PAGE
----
What Is the Difference Between an Ex-Dividend & Record Dates?

by Kevin Johnston Google

    Some investors rush to buy dividend stocks in time to receive the next dividend. They discover they bought too late. Stock exchanges have strict rules about who qualifies for a dividend, and the companies that issue dividend stocks have their own rules that can affect whether or not you receive the next payout. Two important dates determine your eligibility for dividends from a stock: the record date and the ex-dividend date.

    The company sets this date. The record date is the date on which you must be the registered owner of the stock in order to receive the next dividend. That dividend usually gets paid seven to 10 days after the record date. If you own the stock on the record date, you receive the dividend.

    The difficulty in buying in time to beat the record date is that stocks take three days to “settle.” This term means that the stock officially becomes yours because all funds for the purchase have cleared. If you buy a dividend stock the day before the record date, the stock won’t officially be yours for three more days. Since the next day is the day you must be the owner of record, you will miss out on the dividend.

    Two days before the record date, anyone who buys the stock will not receive the dividend. This date is set by the stock exchange the stock trades on. On the ex-dividend date, buyers often demand a lower price for the stock to make up for the fact that they won’t get the dividend. If you examine a stock chart for a dividend stock, you will often see that the price plummets on the ex-dividend date and then slowly recovers throughout the quarter. This is because the dividend gets backed out of the price on the ex-dividend date. The price begins to recover as buyers anticipate qualifying for the next dividend.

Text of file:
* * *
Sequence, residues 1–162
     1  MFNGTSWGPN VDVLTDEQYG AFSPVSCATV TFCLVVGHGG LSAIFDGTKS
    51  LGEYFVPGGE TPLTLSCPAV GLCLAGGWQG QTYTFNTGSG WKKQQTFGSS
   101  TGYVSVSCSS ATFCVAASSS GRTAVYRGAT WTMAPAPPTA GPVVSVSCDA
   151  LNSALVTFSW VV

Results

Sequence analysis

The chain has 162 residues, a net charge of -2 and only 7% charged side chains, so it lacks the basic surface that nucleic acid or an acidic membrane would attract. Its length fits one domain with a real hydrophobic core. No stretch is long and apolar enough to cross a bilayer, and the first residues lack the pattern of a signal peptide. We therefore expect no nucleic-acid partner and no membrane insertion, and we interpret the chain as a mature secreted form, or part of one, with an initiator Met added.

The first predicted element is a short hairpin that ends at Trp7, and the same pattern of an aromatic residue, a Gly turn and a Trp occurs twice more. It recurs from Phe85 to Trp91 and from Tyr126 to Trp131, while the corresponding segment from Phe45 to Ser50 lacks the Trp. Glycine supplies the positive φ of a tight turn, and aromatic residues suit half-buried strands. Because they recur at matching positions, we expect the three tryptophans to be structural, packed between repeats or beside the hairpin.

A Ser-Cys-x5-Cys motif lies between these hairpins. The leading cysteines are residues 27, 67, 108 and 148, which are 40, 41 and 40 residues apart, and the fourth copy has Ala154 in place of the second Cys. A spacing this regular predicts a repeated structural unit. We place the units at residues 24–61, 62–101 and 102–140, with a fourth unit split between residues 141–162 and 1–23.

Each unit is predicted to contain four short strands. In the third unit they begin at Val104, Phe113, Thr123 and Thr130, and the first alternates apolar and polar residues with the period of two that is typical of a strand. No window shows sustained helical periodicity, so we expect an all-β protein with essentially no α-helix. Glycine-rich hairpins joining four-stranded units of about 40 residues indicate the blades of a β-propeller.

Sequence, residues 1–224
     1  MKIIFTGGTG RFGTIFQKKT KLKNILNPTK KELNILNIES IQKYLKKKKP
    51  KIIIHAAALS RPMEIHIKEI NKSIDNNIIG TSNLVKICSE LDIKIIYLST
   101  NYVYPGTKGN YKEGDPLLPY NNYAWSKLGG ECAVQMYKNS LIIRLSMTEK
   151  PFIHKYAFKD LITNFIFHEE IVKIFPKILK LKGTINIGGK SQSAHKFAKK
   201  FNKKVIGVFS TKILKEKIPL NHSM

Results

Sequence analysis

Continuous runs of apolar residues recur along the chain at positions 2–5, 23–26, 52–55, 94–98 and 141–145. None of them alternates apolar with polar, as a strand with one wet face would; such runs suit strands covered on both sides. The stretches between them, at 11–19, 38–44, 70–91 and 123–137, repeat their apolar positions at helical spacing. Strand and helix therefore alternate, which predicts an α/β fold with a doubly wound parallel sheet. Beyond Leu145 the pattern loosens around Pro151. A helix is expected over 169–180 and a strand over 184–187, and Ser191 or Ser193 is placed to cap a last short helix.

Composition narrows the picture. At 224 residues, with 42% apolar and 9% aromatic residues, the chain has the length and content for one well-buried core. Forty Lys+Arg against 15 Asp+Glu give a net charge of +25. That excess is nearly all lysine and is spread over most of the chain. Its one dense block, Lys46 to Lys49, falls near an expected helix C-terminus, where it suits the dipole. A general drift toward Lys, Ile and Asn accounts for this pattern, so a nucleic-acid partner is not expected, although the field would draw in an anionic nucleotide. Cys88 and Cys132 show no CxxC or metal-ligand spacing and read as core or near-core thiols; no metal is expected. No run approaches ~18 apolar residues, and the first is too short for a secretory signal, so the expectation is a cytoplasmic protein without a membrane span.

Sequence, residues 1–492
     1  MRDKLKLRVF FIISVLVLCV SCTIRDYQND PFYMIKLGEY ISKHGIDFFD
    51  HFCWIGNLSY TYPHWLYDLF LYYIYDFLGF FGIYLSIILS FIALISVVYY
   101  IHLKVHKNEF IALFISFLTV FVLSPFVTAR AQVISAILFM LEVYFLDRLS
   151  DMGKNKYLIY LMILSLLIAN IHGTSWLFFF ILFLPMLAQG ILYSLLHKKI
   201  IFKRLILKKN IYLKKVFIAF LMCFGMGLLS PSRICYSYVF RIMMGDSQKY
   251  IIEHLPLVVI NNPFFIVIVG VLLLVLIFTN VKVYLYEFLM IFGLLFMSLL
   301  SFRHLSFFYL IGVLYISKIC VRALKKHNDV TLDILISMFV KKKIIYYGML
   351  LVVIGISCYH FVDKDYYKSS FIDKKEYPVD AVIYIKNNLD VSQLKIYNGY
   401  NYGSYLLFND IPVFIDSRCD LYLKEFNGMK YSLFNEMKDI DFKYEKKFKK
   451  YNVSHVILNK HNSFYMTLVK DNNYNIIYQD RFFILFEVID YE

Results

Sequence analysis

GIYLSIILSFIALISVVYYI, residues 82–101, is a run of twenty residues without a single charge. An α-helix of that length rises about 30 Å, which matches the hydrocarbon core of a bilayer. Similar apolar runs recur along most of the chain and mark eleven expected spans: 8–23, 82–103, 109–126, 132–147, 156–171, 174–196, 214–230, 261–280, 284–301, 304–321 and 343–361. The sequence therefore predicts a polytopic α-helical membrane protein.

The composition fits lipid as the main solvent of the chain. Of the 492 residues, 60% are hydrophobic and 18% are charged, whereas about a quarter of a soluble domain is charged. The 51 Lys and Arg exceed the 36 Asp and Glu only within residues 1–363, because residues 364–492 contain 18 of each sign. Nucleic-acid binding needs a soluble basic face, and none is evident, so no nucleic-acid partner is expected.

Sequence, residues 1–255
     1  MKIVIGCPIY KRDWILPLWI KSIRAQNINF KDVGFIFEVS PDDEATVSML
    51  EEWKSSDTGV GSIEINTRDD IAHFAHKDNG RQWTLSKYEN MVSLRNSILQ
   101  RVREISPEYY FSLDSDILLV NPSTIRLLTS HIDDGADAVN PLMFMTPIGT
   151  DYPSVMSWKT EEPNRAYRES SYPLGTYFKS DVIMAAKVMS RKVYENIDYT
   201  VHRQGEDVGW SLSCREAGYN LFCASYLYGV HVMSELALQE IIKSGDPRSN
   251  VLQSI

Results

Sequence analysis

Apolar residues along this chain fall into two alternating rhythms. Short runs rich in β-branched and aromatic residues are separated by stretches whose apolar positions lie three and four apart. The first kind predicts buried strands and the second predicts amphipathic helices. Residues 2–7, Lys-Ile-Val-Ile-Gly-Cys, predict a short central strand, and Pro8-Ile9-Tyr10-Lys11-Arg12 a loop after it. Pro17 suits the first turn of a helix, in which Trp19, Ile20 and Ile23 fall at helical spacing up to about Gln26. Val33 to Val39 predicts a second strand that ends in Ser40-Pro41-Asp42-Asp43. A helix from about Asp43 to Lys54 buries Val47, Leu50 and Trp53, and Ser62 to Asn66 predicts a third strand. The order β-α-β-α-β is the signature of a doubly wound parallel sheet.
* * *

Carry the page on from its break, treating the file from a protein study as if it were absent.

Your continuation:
Only business days count when determining the ex-dividend date. If a stock’s record date is Tuesday, for example, then the ex-dividend date is two business days before the record date, which falls on the Friday before. Saturday and Sunday don’t figure into the ex-dividend date. Neither do holidays when the stock exchanges are closed. Always check a calendar when calculating ex-dividend dates.

    Photo Credits

    About the Author

    Kevin Johnston writes for Ameriprise Financial, the Rutgers University MBA Program and Evan Carmichael. He has written about business, marketing, finance, sales and investing for publications such as "The New York Daily News," "Business Age" and "Nation's Business." He is an instructional designer with credits for companies such as ADP, Standard and Poor's and Bank of America.

    Zacks Investment Research

    is an A+ Rated BBB

    Accredited Business.